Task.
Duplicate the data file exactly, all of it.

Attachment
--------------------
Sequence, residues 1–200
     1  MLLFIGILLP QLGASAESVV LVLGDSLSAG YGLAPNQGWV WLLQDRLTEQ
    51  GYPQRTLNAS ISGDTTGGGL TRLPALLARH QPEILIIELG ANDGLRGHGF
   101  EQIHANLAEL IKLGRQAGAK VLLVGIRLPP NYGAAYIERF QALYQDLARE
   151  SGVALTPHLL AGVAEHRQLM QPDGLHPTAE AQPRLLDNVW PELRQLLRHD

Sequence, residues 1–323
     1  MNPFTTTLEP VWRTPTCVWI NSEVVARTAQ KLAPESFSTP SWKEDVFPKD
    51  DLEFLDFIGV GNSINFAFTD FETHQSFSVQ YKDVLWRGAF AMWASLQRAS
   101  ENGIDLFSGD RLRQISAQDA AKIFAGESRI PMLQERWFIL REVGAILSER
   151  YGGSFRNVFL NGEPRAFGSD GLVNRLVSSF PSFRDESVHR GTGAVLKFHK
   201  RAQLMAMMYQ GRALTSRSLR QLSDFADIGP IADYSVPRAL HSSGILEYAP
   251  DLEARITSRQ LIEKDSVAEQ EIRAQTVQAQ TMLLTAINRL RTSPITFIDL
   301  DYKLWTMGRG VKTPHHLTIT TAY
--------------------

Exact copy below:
Sequence, residues 1–200
     1  MLLFIGILLP QLGASAESVV LVLGDSLSAG YGLAPNQGWV WLLQDRLTEQ
    51  GYPQRTLNAS ISGDTTGGGL TRLPALLARH QPEILIIELG ANDGLRGHGF
   101  EQIHANLAEL IKLGRQAGAK VLLVGIRLPP NYGAAYIERF QALYQDLARE
   151  SGVALTPHLL AGVAEHRQLM QPDGLHPTAE AQPRLLDNVW PELRQLLRHD

Sequence, residues 1–323
     1  MNPFTTTLEP VWRTPTCVWI NSEVVARTAQ KLAPESFSTP SWKEDVFPKD
    51  DLEFLDFIGV GNSINFAFTD FETHQSFSVQ YKDVLWRGAF AMWASLQRAS
   101  ENGIDLFSGD RLRQISAQDA AKIFAGESRI PMLQERWFIL REVGAILSER
   151  YGGSFRNVFL NGEPRAFGSD GLVNRLVSSF PSFRDESVHR GTGAVLKFHK
   201  RAQLMAMMYQ GRALTSRSLR QLSDFADIGP IADYSVPRAL HSSGILEYAP
   251  DLEARITSRQ LIEKDSVAEQ EIRAQTVQAQ TMLLTAINRL RTSPITFIDL
   301  DYKLWTMGRG VKTPHHLTIT TAY